The Department of Labor has withdrawn the controversial "Q&A-30" in Field Assistance Bulletin 2012-02, which would have required some investment-specific disclosures regarding fees and expenses in 401(k) plans that offered only a brokerage window, self-directed brokerage account, or similar arrangement and did not designate any specific investment options beyond the brokerage platform. In an amended bulletin (Field Assistance Bulletin 2012-02R), the DOL replaced Q&A-30 with a new Q&A-39 that does not require any investment-specific disclosures in brokerage-window-only plans, but does contain strong language warning plan fiduciaries that merely offering a brokerage window to participants may not be fully consistent with the general fiduciary obligations imposed by ERISA.
As brief background, the DOL's participant-level fee-disclosure regulation (which goes into effect this year) requires specific annual and quarterly disclosures to participants in most participant-directed 401(k) and other individual-account plans regarding plan-level and investment-level fees and expenses. (The initial disclosures are due by August 30, 2012, for calendar-year plans.) The investment-level information applies only to investments that are "designated investment alternatives." A brokerage window is not a designated investment alternative. So the regulation generally has been read to mean that no investment-level disclosures are required in a plan that does not have any designated investment alternatives but rather offers participants a brokerage window or self-directed brokerage account through which investments may be made in a large number of publicly available investment securities.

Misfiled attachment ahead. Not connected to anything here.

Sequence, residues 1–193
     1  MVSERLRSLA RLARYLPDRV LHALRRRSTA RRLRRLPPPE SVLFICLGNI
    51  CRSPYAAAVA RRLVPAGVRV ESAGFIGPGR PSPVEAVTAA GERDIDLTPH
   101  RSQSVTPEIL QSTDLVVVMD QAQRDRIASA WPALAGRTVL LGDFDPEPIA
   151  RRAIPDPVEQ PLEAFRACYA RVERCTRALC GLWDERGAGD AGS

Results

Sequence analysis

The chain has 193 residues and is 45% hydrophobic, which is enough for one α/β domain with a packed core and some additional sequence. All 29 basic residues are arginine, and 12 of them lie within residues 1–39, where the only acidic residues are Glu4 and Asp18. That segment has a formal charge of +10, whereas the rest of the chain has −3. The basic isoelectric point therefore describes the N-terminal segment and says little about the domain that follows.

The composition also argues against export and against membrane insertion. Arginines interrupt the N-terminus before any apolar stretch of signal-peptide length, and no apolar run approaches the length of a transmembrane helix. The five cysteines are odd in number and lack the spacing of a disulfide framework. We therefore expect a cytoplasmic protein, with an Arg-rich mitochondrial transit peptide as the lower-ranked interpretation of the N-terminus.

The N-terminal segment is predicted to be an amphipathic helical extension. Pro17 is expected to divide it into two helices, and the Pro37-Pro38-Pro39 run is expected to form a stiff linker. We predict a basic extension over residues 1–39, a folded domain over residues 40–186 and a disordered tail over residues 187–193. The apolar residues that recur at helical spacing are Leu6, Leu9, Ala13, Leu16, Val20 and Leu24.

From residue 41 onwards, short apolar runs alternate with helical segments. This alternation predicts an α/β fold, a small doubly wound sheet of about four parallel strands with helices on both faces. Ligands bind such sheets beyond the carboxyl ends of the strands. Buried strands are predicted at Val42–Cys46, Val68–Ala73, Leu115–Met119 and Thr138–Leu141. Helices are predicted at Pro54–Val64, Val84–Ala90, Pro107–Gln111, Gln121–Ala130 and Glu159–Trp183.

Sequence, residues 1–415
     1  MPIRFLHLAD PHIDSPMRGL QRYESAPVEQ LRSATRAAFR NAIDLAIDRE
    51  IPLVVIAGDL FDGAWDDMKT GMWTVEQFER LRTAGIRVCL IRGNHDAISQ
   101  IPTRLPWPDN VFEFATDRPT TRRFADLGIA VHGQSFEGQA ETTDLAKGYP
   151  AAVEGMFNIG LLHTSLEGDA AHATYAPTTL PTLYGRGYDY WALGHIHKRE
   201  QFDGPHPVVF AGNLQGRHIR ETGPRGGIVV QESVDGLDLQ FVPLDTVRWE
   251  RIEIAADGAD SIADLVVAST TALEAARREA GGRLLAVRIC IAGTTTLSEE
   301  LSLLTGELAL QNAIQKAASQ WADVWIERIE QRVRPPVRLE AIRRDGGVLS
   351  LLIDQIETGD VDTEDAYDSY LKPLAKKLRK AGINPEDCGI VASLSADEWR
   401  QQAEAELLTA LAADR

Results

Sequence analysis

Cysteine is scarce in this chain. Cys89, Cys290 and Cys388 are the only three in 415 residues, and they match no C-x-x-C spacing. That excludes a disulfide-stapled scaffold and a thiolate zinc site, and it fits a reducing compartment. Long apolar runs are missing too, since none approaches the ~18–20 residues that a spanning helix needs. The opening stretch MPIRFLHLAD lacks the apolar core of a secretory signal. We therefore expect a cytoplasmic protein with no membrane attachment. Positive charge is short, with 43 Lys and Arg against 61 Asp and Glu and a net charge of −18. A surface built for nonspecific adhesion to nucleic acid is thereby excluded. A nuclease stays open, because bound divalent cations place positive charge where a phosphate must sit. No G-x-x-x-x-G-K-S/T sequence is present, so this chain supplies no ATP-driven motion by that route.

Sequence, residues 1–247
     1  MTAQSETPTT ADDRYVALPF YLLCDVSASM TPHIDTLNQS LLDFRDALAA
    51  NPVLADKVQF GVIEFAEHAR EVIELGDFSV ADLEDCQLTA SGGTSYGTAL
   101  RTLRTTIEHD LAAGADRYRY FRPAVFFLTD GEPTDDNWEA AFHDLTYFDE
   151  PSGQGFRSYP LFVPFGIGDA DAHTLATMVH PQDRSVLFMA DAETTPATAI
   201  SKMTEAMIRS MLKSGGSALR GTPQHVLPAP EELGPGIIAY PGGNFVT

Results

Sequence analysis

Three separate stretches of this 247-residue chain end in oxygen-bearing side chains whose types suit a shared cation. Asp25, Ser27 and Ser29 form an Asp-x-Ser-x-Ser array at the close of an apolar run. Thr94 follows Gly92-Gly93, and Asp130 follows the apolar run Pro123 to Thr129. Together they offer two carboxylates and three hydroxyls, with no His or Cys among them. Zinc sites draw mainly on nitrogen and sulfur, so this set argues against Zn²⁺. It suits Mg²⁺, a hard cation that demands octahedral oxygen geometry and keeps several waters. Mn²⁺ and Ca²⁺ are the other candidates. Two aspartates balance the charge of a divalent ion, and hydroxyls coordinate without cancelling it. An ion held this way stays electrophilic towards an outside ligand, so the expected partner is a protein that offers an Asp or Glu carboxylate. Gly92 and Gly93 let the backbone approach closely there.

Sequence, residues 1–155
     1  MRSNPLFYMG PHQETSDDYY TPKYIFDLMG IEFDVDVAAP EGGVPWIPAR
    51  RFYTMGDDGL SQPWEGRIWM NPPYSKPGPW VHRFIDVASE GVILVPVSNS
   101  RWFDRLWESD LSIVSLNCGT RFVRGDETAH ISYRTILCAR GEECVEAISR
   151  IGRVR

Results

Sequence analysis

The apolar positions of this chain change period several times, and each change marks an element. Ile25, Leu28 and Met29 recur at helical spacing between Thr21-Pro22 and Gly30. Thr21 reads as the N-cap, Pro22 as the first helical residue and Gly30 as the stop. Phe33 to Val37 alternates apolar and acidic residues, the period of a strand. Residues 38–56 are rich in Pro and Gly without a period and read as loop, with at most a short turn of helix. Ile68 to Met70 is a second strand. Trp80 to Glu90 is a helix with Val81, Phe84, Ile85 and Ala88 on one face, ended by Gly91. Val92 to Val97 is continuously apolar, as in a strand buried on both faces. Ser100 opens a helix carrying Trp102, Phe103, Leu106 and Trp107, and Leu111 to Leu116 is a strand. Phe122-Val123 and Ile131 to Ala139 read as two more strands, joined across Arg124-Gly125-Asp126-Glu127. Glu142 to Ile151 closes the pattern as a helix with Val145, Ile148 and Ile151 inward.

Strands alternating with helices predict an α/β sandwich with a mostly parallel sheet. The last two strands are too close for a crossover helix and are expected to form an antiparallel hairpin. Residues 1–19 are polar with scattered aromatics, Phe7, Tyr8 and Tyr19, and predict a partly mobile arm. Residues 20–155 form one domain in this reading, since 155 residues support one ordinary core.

Q&A-30 went beyond that by nonetheless requiring investment-level disclosures in brokerage-window-only plans with respect to investment options that were either designated as part of the "broad range" of investment options available to participants or had a threshold number of participants investing in them. This led to broad criticism - notably from Senator John Kerry (likely at the urging of his home-state "constituent," Fidelity Investments) - both because it required disclosures that were previously not thought to be required and because it effectively added new rules without going through the appropriate rule-making channels.
All this ruckus notwithstanding, the bulk of the participant-level fee-disclosure rules remain in effect, and the compliance deadline is fast-approaching. Plan administrators should be making concerted efforts now to ensure they will be ready.